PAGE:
Tag Archives: education

Republished from Human Ecology Magazine, Spring 2016

Annie Erickson & Eve De Rosa

Human Ecology Faculty-Led Undergraduate Research. Eve DeRosa / Annie Erickson

Human Ecology Faculty-Led Undergraduate Research. Eve DeRosa / Annie Erickson

What does your lab study?

Annie Erickson ’16: Our lab is interested in studying the neural basis of cognitive processes such as attention, learning, and memory. To investigate these complex neural mechanisms, we use a cross-species approach studying both human and animals. We are interested in the neurochemicals that modulate cognition— specifically, a neurotransmitter called acetylcholine. My project focuses on the effect of acute and chronic caffeine intake on cognition in rats, testing whether caffeine can rescue cognitive deficits that have been induced by blocking acetylcholine.

Why study caffeine?

Eve De Rosa, Associate Professor of Human Development and Rebecca Q. and James C. Morgan Sesquicentennial Fellow: We all drink coffee, but we don’t always give deep thought to how it affects attention, learning, and memory. That’s why I love the real-world importance of Annie’s honors thesis question. She’s finding cognitive tasks that both rats and humans can perform so that we can translate the basic science experiments in the lab to our understanding of human cognition.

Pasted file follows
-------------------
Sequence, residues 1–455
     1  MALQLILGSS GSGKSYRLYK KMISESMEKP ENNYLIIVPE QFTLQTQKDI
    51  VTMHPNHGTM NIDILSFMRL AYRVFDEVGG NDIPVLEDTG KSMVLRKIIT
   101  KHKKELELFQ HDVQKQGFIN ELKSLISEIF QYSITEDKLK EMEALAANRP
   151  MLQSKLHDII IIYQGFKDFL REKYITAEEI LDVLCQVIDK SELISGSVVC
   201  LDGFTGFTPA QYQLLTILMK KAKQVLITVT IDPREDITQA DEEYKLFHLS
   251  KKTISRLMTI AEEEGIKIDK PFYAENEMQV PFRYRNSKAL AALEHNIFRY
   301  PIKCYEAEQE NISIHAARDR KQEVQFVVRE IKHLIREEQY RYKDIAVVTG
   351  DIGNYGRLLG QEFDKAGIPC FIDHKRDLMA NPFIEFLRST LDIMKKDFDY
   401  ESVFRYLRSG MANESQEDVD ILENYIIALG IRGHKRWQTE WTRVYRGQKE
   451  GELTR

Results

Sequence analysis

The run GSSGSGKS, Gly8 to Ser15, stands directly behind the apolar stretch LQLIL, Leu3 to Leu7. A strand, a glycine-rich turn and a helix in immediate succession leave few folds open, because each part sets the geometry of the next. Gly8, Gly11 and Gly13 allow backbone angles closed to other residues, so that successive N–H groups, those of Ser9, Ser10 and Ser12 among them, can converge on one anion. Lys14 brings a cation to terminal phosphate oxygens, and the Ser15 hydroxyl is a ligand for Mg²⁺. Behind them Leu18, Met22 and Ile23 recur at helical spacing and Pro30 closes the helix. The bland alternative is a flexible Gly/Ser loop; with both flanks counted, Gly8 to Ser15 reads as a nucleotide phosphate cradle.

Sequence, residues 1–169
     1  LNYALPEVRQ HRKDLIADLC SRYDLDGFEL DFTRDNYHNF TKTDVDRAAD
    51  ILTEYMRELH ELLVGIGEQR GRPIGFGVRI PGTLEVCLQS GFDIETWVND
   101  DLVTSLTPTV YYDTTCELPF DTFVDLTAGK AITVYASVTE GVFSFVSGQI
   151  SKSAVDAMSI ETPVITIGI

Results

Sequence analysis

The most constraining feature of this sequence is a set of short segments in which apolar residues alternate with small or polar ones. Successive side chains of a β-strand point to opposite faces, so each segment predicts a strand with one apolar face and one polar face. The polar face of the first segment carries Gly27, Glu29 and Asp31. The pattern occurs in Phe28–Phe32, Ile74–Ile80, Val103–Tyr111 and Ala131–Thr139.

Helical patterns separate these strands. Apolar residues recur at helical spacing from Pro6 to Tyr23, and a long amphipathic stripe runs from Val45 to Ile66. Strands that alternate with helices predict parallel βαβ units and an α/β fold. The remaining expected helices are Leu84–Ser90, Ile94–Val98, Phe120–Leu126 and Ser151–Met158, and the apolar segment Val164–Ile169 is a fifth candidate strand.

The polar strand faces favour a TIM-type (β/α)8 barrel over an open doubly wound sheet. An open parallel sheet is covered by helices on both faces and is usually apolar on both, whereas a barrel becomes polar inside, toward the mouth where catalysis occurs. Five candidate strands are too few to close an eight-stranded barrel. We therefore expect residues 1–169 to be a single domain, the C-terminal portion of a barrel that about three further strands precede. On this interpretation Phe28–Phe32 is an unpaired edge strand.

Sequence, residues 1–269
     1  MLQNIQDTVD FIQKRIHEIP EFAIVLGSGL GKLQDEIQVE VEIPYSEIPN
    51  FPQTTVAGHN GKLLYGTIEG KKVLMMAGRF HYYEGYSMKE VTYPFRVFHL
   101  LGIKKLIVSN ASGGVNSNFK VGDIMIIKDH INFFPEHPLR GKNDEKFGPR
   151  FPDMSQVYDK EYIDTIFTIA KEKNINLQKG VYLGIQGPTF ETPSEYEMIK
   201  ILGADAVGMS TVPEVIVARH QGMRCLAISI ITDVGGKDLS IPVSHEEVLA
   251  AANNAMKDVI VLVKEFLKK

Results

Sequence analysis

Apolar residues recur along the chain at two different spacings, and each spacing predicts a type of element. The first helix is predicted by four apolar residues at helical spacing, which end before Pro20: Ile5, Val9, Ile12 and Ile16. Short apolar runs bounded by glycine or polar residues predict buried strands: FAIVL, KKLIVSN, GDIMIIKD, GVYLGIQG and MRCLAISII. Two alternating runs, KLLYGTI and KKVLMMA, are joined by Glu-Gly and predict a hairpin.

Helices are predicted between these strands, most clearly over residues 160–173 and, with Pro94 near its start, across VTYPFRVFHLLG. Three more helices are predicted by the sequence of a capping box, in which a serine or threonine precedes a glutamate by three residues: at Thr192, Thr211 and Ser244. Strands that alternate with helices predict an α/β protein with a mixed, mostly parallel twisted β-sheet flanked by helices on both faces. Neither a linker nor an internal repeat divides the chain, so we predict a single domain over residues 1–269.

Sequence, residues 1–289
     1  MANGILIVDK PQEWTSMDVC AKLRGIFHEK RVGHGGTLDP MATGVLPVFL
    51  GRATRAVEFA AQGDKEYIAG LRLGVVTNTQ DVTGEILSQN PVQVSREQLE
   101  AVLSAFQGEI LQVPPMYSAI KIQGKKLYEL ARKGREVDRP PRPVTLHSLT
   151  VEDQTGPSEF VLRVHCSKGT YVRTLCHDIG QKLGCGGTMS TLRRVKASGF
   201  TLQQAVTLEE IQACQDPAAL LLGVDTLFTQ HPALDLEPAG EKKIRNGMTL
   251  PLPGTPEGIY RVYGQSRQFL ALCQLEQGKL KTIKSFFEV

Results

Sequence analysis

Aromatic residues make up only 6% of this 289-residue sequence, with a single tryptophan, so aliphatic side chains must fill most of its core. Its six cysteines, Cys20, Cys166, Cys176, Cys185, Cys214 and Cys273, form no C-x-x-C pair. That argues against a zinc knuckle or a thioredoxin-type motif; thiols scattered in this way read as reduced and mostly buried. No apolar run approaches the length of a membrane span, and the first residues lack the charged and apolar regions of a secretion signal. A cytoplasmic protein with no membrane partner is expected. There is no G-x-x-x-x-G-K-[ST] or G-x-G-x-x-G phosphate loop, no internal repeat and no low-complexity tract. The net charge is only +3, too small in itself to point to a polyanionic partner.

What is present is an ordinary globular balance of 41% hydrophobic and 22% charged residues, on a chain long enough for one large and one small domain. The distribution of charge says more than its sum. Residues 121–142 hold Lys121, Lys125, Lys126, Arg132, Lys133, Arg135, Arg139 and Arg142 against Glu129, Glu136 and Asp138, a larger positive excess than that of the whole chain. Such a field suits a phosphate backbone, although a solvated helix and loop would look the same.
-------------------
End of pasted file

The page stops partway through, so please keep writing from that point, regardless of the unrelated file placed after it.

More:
What do you like about this work?

Erickson: After following this project from conception to experimental setup to final execution, it’ll be incredibly exciting to see the results. It’s been inspiring to work with Eve, and to see the way she’s able to balance research, teaching, and family. She’s so enthusiastic and positive, and I really enjoy discussing my ideas with her, because she’s always so encouraging.

De Rosa: I love mentoring students like Annie! After participating in the lab as an undergrad research assistant, she approached me with this wonderful question about looking at caffeine’s ability to boost cognition, and whether it was caffeine’s interaction with acetylcholine that underlies this ability.

The fact that caffeine is a cognitive enhancer is something I was already aware of, but not that it might be important in slowing the decline of pathological cognitive aging, like in Alzheimer’s disease. When Annie brought that idea to me, I could see why it might be worth taking a chance to pursue the question.

What’s the risk?

De Rosa: Rat neuroscience is expensive, and it’s not my primary research focus. I’m very interested in acetylcholine, which declines during normal aging, and in using functional Magnetic Resonance Imaging to assess brain activity. But Annie’s research is something I would never have pursued on my own. And now I’m having so much fun reading the literature, thinking about how it relates to my larger research vision.